U.S. Customs and Border Protection resumed full commercial operations Thursday at an international bridge in Eagle Pass, Texas, as well as two Mexico crossings in Arizona. CBP said it also was reopening an international pedestrian border crossing in San Diego. 

An influx of migrants arriving in November along the U.S.-Mexico border prompted the agency to redirect personnel to assist U.S. Border Patrol with taking migrants into custody.

Resuming full operations Thursday are:

Eagle Pass, Bridge No. 1.

Lukeville, Arizona, port of entry.

Nogales, Arizona, Morley Gate border crossing.

San Diego, San Ysidro’s Pedestrian West border crossing.

The resumption of operations reflects a drop in migrant crossings that peaked last month, according to Troy Miller, acting CBP commissioner. Miller said that illegal crossings had reached as many as 10,000 migrants a day in December, according to the Associated Press.

In Eagle Pass, the port’s Bridge No. 1 had been suspended to northbound passenger vehicle traffic since Nov. 27. Bridge I in Eagle Pass services passenger vehicles, while the city’s Bridge II, also known as the Camino Real Bridge, remained open for cargo trucks. 

The closure of Bridge I affected commercial cargo truck movements carrying shipments from Mexico to the U.S., increasing wait times to more than two hours on some days when trucks normally face no delays. 

Along with the disruption from migrants, the Texas Department of Public Safety (DPS) began safety inspections on Nov. 28 for all cargo trucks arriving from Mexico in Eagle Pass and Del Rio, Texas.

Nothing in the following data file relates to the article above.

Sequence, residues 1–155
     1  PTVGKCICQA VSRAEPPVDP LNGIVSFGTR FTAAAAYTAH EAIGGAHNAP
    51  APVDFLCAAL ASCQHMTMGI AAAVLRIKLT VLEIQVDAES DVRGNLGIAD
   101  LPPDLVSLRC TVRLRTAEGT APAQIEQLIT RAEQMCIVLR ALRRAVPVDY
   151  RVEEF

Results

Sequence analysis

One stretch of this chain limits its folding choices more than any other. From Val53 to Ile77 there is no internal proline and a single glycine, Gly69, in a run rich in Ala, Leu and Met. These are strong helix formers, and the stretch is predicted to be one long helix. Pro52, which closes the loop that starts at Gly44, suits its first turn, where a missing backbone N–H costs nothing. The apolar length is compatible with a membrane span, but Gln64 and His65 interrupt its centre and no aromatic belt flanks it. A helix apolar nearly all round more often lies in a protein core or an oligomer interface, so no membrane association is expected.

The Texas DPS continues to conduct safety inspections on all commercial tractor-trailers coming through Eagle Pass, border officials said.

“The Port of Eagle Pass will experience long commercial crossing and wait times because of the Texas DPS safety inspection truck exams occurring right outside CBP’s import cargo facilities,” Armando Taboada, assistant director of field operations at CBP’s Laredo Field Office, said in an email to the trade community on Tuesday. “The long Texas DPS safety inspection truck exam lines prevent the commercial trucks from exiting CBP’s import cargo facilities and accessing Texas roadways.”

DPS officials said the renewed inspections were aimed at disrupting cartel activity at the border.

“We hope that frequent enhanced commercial vehicle safety inspections will help deter cartel smuggling activity along our southern border while increasing the safety of our roadways,” DPS Director Steven McCraw said in a statement to the El Paso Times

Homero Balderas, general manager for the city of Eagle Pass International Bridge System, said the Texas DPS inspections continue to negatively impact freight movements through the port.

“We were hopeful the news of reopening Bridge 1 would get them to tone down the inspections but that wasn’t the case,” Balderas told FreightWaves. “Hopefully soon they will react and allow us to return to normal.”

Cargo truck wait times at the Eagle Pass port of entry were one over an hour as of midmorning Thursday.

During the month of December, Eagle Pass processed 12,115 cargo trucks, a 27% year-over-year decrease compared to the same month in 2022.

More articles by Noi Mahoney

US, Mexican partnership to expand international rail-car ferry service

Canadian trucking company suspended after multiple overpass crashes

Thieves spirit away 19,000 bottles of tequila from US distributor

The post CBP reopens 4 Southwest ports of entry after weekslong closures  appeared first on FreightWaves.

Similar Posts

Leave a Reply